On top of all this, our job demands an 'artistic eye' in order to 'paint' pleasant and communicative contrast and subtleties in lighting and color in order to give the player the ability to recognize geometrical shape and 3D space on a flat surface (aka your monitor screen).  We need to make sure when you 'move' your perspective through the virtual 3D world it comes across in a natural way for your mind to control and understand using only a mouse and keyboard or game controller to interact with the world.  This all entails intense matrix calculations and surface lighting algorithms which display the view in a shifting, moving, way in which keeps your mind's 'feet on the ground', if you will, while playing the game.


While we manage all these things we are in continual communication with our professional artists on these projects, making sure the 'art' they produce is correctly split up and divided into understandable data structures and input into our graphics systems and particle, or pixel, painter implementations and surface shading code."


So that clears it all up then, right?  ;) Great.  Let's move on.


[Dynamic Weather]



H1Z1 is being developed with a dynamic weather system.  What does that mean?


So far we have server controlled rain and rain-clouds as well as the control over a weather 'type' applied to the region you are in. These knobs and numbers control whether it's shining bright and happy or dark, rainy, and gloomy, and everything in-between.  We're moving more and more weather control over to the server, as much as possible before Early Access, in order to keep everyone playing the game on the same page, seeing the same weather, the same fog particle at the same location, viewing the same moon and stars at the exact same locations, no matter if they're playing in Hong Kong or Wichita, Kansas.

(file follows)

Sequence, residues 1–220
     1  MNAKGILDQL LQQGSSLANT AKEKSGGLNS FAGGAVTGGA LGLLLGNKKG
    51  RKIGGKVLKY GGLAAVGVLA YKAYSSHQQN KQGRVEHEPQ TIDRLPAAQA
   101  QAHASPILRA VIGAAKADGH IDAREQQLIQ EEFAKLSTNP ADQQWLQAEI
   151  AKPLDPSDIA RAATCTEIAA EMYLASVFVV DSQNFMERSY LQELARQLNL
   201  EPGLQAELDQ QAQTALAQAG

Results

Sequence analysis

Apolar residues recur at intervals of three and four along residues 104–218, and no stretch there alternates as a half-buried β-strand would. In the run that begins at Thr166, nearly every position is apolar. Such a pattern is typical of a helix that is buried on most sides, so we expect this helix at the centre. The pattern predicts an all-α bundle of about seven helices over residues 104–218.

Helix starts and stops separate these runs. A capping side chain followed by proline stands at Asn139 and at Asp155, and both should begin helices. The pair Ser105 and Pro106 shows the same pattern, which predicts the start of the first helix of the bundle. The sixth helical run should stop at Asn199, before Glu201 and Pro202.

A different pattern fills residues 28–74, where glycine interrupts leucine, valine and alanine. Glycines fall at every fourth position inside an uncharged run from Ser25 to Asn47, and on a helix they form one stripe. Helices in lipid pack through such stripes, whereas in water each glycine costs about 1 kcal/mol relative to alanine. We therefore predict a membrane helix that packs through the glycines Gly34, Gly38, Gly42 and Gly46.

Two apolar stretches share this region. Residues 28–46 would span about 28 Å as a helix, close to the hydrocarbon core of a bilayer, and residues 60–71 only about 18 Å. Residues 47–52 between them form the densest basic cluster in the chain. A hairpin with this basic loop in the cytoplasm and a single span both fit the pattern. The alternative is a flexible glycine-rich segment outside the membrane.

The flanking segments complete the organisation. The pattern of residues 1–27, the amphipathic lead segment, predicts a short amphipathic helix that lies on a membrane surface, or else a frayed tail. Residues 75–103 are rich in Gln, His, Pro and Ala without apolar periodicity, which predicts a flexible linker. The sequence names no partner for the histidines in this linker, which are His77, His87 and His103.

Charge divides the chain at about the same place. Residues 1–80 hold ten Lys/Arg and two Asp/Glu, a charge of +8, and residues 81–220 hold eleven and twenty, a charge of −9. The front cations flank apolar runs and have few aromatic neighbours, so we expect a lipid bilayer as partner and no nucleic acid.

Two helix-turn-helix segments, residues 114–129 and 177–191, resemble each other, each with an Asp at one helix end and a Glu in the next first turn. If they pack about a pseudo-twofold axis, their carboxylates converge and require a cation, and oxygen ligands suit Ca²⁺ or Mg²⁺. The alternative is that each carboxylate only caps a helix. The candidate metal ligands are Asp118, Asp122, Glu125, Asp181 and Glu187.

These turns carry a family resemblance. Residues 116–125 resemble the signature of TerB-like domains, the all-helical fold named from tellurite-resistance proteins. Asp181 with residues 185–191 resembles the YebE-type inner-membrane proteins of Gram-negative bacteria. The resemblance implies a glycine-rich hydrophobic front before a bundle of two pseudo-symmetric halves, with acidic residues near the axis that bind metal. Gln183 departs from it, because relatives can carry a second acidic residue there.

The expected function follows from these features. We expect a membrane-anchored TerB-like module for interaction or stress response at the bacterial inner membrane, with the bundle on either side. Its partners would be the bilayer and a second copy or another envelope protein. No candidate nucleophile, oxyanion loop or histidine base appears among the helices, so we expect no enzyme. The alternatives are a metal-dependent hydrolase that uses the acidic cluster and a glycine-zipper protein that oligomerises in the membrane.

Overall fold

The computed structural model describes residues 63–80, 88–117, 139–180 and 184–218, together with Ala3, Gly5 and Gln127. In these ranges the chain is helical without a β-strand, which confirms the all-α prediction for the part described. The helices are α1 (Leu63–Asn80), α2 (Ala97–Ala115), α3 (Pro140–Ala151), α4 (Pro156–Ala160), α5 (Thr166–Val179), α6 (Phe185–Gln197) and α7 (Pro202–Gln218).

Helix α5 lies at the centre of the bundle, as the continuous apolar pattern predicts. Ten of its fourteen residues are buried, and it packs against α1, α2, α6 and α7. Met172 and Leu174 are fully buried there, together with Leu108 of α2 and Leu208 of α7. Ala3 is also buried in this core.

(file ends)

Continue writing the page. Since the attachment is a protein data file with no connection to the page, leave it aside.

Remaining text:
While it's true each person's game instance will currently still play the same weather patterns without moving this over to the server, this move will prevent hackers from turning their own fog or visually disadvantageous settings off.  We all need to be on the same playing ground in order to ensure fair play whenever possible.  (And don't fret low end system owners. We're making these weather effects scale down to play and have a very comparable impact on low-end system gameplay.)


We're also in progressive development of even more exciting features like dynamic snow which forms and melts based on a continuously changing environment temperature, humidity, and wind conditions.